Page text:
A look back on the 1929 crash
In my last blog, I provided an overview of Vega Capital’s model for identifying and pre-empting recessions in the United States. Last Thursday (at WeWorks Martin Place), I presented a talk on how our model would have approached the Great Depression and other recessions. The former is what I’ll be running through today.
Let’s recall our framework for identifying recessions.
A recession is defined as a contraction in gross domestic product over a certain period of time. Gross domestic product is goods and services produced over a defined period of time, which are then consumed by individuals and businesses. Consumption occurs via the spending of individual and business income or borrowing.
When the money supply contracts (which puts pressure on loan volumes) and consumer incomes become stressed, then spending (consumption) must decline. Since production is the reflection of consumption, it must also decline and if said decline is significant enough then the economy will have moved into a recession.
The order in which this usually occurs is;
- A contraction in money supply.
- Interest rate/debt stress.
- Jobs decline.
So with that, let’s review how these variables were influenced to start the Great Depression.
A contraction in the money supply
In 1928, due to what the US Federal Reserve believed was excessive speculation on Wall Street, its Board decided to contract the money supply by liquidating three-quarters of its holdings of US treasuries. By doing so, it reduced banking reserves.
How disruptive was this? According to Professor James Hamilton in his review of the Great Depression.
“In terms of the magnitudes consciously controlled by the Federal Reserve, it would have been difficult to design a more contractionary policy” (James Hamilton, “Monetary Factors in the Great Depression,” Journal of Monetary Economics, 1987).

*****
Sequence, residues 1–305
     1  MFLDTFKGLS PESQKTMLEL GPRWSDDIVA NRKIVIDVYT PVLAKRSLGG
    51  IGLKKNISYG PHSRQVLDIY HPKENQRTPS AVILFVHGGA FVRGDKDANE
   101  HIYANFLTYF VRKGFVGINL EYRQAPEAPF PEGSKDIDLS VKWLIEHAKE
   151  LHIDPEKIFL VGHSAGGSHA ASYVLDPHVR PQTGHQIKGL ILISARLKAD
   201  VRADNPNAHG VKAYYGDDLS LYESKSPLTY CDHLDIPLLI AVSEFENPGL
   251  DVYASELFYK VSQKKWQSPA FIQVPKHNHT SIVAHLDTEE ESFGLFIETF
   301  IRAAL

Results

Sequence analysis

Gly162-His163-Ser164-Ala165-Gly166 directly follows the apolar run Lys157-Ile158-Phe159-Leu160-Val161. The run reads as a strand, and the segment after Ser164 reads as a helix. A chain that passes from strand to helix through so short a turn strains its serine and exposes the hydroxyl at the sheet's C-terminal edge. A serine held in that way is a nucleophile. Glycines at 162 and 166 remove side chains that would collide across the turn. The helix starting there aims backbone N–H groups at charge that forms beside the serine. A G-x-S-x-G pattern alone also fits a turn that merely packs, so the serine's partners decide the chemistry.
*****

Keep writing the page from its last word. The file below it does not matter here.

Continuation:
We can see the downward impact on M2, M1 and other monetary aggregates over 1928/1929 in the following table (source: San Jose State University, Department of Economics).
Interest rate/debt stress
The Federal Reserve raised interest rates from 3.5 per cent to 5 per cent through 1928 and again to 6 per cent in August 1929.
Why the latter raise was required is somewhat of a puzzle. Economic growth had already softened in the first half of 1929 post the 1.5 per cent rate increase and contraction in money supply (source: Federal Reserve Bank of San Francisco, 1999).
The impact of both the contraction in money supply and higher rates was felt amongst workers. Unemployment data for this period is somewhat inaccurate, but records from union membership databases show unemployment rising from 9 per cent in August 1929 to 11 per cent by October 1929 after the latter August rate rise.
As a whole, the reduction in money supply and higher interest rates put increasing pressure on jobs and consumption.
Less jobs begets less consumption/production which then culls more jobs and the cycle continues. If the decline in jobs/borrowing (and thus consumption) is significant enough, a recession is often the result.
Naturally, less production for firms means lower near term earnings and more conservative future growth prospects. As such, stock prices tend to contract when recessions/depressions occur. The stock market capitulated from October 1929 into one of the greatest declines of all time.
Despite the onset of the depression in 1929, the money supply kept on contracting into the early 30’s due to restrictive monetary policies - exacerbating what may have been a more ordinary recession. Hawkish fiscal policy was also a major contributing factor.
To sum it up
The Great Depression is one example of how Vega Capital’s model can be applied to identify an economic calamity before it occurs. In the below table, I’ve noted 5 recessions (the 5 worst for stock markets over the past 50 years) along with the lead time our model provides (in months).
A positive lead time indicates that the model gave an early sign and negative means the model was late.
The results as shown are quite strong. Even with a signal which is 2 months late, the algorithm was able to capture the majority of the subsequent stock market decline (it notably takes many months for economists and the market to identify recessions in hindsight).
The model is currently advising caution through 2019/2020 and has not shown readings this negative since 2007, but we are yet to short the market outright.
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Scott has seven years of experience in investment and risk management, was previously an analyst at Montgomery Investment Management, and holds a degree Economics from the UWA as well as a Master’s degree in Financial Mathematics from UNSW.